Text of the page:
ST. PETERSBURG — Six presidents from Florida’s universities united to travel across the state to express their concern of the possible outcomes of proposed budget cuts.
USF President Judy Genshaft, along with other university presidents, spoke in Orlando, Miami and St. Petersburg about retaining funds for education at public universities. The presidents from the University of Florida, Florida State University, Florida International University and New College said universities can assist in creating an economic boom needed in Florida.
“The public universities are the economic engines for this state,” Genshaft said. “We know that a high school certificate, a community college certificate and a bachelor’s certificate adds a significant amount to the salaries people make. We are in the business of creating jobs and educating a workforce that will return investment to the state, so if you want growth and retention and attraction of high paying jobs, hitting the universities is the exactly the wrong place to go.”
As the Florida Legislature begins a two-week special program session today, university presidents said the proposed budget cuts are unfair because they are disproportionate to the overall budget as compared to the total of education.
Genshaft said the public universities account for only 16 percent of the budget, but the Florida House of Representatives proposed a 35 percent cut for public universities.
The Florida Legislature proposed a budget cut that would eliminate $84 -million from university budgets in the 2003-04 school year. Furthermore, they are providing no enrollment growth and are only decreasing the funds from the public universities out of the entire education system, Genshaft said.
In addition to the budget cuts, UF President Chuck Young said the universities are not receiving PECO funds, which are used for building projects, and enrollment growth funds or the government matching of private sector gifts. He said the lack of these funds, in addition to the budget cuts, creates $250-million loss from the budget of Florida’s public universities.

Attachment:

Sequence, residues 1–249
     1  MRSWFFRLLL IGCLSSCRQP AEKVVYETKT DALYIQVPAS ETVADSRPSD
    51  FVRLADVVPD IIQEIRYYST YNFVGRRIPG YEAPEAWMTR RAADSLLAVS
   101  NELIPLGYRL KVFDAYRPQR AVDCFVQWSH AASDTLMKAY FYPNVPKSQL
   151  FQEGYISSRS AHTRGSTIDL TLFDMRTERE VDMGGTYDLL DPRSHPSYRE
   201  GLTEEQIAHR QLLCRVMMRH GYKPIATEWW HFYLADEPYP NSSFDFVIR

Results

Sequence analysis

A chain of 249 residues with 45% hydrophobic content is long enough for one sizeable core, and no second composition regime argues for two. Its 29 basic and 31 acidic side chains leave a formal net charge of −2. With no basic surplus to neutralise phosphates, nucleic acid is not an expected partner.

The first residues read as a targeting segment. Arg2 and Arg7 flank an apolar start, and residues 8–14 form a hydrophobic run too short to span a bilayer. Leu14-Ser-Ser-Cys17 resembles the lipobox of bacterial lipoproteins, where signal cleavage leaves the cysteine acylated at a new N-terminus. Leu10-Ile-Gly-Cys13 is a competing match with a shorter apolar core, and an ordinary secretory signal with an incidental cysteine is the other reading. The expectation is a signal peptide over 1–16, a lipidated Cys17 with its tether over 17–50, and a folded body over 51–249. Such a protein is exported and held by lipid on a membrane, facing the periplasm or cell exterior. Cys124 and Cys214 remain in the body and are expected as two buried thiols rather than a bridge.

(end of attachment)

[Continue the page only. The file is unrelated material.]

“That is an unprecedented and disproportionate cut that is expected from the universities and is higher than any other educational component within the state, and probably a higher cut than any other agency or constituency within the state,” Genshaft said. “That translates into $140 million in cuts to the operating budget. For the University of South Florida, that is a $26-million cut.”
T.K. Wetherell, president of FSU, said Florida’s budget is better than many other states that have not tightened funds on education.
“States like North Carolina have done just the opposite and said the thing they are going to hold harmless is education and particularly higher education,” Wetherell said.
Modesto Maidique, president of FIU, said some of Florida’s most educated and experienced teachers, especially in the publication and research fields, are mobile in their occupations and may view Florida’s apathy as a reason to move, thus creating a further decline in the quality of state education.
“Universities, particularly research universities, get their prestige, their ranking, their recognition from those faculty members that are most oriented with research and publication and that particular group are the most mobile in the world,” said Maidique. “If we begin systematically decapitating our state universities, there will be many high-quality faculty members that will lose heart, and they will appear in North Carolina, Texas, California, New York and other places. The last message that we want to send (the teachers) is that this state does not value education.”
Genshaft said the budget cuts will not only hurt the students, but it will also hurt the community because the healthcare programs at both UF and USF will be affected by the budget cuts, therefore decreasing the quality and number of healthcare professionals in the workforce.
“There is no way we can increase our enrollment in nursing (to meet the demand by the state) if we get these kind of cuts. As a matter of fact, we will have to freeze or cut back on programs in all of the healthcare issues,” Genshaft said. “That means if you cut the Health Sciences, you are cutting healthcare in the Tampa Bay region.”
To combat the effects of the proposed budget cuts, Wetherell said a possible solution the problem is to reallocate some of the money designated for the maximum level of the constitutional class-size amendment funds that remains untouched. He said that even with the reallocation of funds to the universities and community colleges, the remaining funds would still be acceptable under the constitutional amendment at the mid-range level and it would solve the financial problem for the public universities and community colleges.
“The maximum level assumes that you are going to fill every teaching position by July 1, you are going to the maximum requirement of the class-size amendment and you are going to have every classroom available for that to happen by July 1,” Wetherell said. “First of all, there aren’t enough teachers in Florida, even if you had the money to hire them. We don’t have the money to produce the teachers because of the cut. There isn’t enough time to build the building, so that (extra) money (at the maximum level) is not necessary.”